I had delved us fountains with dimpling sprays,
In a girdle ot' gardens and lawns,
The gladsome haunts of the t'air-haired fays,
And the sprites that sport in the woodland ways,
And the blythe-souled satyrs and fauns.
I had fashioned a bowel' ot' roses red.
Still bright with the shimmer of dew:
With snow-white blossoms, I had softly spread
A fragrant eoueh for the eurl-crowned head
And the lily-white heart of you.
With the gift of a Midas, I had touched with gold
Every traee of the base in your fate,
I had framed you a future with triumphs untold,
And every delight of the blythe and the bold,
Uumixed with the griefs of the great.
I had found you, a child, in the valley at play
Content with the charms of the plaing
I had plead with your spirit to Wander away
To the shimmering heights where the stout-hearted stay--
Were my words of entreaty in vain?
I had d1'eamed of a time, when your heart, dear, and mine
Together might strive to attain:
But with blooms of' the valley, your brows you entwine
From the cup of the present you quaft' witehing wine--
Alone, I must lose or must gaing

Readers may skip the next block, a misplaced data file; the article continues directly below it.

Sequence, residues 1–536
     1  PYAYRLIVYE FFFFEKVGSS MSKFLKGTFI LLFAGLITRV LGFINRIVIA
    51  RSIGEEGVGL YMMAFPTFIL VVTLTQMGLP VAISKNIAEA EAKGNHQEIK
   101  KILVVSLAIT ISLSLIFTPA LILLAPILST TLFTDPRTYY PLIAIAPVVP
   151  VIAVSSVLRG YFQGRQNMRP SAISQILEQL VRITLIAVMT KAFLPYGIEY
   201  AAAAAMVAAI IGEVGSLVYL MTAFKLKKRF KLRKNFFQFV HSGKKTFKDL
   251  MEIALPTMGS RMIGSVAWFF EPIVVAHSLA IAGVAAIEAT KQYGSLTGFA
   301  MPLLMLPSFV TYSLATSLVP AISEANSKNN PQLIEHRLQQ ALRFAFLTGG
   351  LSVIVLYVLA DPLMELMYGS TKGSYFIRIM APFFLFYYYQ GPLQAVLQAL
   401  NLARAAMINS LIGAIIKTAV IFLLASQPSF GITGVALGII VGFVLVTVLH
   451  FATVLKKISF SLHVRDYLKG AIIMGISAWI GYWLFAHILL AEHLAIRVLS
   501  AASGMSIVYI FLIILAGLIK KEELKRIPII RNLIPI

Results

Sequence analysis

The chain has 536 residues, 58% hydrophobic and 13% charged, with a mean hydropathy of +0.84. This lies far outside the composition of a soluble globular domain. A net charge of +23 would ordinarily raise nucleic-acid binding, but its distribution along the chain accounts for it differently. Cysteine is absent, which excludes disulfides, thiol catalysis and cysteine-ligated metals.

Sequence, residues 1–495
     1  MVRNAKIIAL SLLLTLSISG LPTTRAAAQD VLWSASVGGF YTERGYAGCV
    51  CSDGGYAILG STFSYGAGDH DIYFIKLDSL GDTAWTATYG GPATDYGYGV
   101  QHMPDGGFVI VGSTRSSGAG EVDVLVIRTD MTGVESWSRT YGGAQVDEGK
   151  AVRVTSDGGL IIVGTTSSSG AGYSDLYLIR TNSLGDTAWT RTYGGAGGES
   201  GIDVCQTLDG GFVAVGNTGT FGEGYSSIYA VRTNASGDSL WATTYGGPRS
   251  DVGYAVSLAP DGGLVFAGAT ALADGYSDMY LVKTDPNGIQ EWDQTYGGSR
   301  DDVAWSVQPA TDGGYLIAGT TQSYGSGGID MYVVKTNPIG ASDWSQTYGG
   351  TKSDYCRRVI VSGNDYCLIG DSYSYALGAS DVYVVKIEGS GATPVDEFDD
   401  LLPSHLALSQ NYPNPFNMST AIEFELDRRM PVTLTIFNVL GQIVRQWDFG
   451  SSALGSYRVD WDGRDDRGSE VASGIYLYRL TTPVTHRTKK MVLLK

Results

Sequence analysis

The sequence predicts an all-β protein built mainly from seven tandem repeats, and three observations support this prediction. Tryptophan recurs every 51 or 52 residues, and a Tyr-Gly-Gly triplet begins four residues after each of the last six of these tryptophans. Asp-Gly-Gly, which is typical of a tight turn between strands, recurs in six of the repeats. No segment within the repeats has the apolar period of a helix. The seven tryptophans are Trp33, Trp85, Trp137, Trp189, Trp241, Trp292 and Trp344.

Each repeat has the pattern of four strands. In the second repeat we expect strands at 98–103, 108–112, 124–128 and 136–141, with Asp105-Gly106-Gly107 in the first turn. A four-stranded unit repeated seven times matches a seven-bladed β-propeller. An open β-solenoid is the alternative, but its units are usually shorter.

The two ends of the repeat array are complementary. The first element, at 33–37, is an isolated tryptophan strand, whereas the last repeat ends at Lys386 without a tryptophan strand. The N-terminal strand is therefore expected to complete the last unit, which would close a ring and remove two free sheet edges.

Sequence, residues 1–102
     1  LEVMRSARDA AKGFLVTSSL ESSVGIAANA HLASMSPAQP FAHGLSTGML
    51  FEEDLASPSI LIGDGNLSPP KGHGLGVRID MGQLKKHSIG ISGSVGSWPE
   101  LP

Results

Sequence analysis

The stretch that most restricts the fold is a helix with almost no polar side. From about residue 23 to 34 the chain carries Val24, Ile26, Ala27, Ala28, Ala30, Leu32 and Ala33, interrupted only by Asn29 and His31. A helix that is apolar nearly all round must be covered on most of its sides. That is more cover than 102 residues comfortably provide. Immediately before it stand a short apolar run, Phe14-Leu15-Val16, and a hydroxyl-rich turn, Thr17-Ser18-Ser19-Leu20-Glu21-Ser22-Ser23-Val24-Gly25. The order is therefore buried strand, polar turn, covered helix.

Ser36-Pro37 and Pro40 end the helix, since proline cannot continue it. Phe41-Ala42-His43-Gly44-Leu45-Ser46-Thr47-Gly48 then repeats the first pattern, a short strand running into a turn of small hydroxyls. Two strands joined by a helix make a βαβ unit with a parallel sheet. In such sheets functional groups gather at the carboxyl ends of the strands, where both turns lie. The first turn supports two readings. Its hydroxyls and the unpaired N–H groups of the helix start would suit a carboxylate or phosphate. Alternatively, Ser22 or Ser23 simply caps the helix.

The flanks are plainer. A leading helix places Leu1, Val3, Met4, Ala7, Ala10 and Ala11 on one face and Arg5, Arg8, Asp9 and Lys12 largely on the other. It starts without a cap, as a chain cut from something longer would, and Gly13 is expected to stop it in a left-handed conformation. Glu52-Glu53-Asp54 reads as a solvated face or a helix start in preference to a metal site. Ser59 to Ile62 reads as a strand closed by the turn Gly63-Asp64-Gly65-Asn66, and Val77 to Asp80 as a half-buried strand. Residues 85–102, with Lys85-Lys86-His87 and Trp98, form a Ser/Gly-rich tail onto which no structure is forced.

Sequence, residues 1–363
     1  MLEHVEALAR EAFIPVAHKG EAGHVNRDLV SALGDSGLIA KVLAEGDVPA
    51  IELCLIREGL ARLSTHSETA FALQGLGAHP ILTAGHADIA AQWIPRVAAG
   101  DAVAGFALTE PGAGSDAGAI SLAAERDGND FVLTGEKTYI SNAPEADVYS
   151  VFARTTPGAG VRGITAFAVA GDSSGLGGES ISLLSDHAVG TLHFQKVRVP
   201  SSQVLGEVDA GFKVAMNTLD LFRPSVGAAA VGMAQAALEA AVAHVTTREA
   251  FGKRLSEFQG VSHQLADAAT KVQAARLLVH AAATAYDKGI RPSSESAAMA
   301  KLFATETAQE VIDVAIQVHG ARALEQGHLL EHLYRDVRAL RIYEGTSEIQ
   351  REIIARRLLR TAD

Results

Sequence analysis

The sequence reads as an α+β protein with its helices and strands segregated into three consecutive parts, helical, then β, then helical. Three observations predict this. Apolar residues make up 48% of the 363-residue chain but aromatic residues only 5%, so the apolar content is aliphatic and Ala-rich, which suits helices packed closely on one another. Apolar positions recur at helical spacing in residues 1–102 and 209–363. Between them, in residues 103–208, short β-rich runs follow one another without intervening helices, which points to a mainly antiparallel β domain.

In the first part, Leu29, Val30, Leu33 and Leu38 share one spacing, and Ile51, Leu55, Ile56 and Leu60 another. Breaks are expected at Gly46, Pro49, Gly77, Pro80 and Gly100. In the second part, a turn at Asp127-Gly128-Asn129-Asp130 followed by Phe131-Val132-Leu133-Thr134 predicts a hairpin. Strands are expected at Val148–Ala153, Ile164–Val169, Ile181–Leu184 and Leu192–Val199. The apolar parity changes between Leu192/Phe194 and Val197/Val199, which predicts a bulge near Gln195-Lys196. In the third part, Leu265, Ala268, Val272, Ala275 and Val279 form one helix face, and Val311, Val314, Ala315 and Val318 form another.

For you stabbed my soul with the words you said,
Though you meant most kind, I know.
The sunlight out of my soul-life Hed,
And my dreams are dust, and my hopes are dead,
And the world is a world of woe. D. E. G.
SAM Coox--"Say, fellows, it's blue as h-, ain't it?"
The Greater Love
"Greater lore hath no man than this. that he lay dozen his life for his friend."-New Testament.
HE VAST dungeon of the Serapeum was hideously alive
with the sights and sounds of the pit. Snaky convo-
lutions of flame lit up with a horrid brightness the
little knot of Roman legiona1'ies and temple attendants clustered
about the white-robed High Priest of Serapis, and the shudder-
ing flames and shadows threw into ghastly relief the figures of
the executioner, the rock and its moaning victim.
Very rarely was the High Priest himself seen in this awful
place. This departure from his prescribed region above would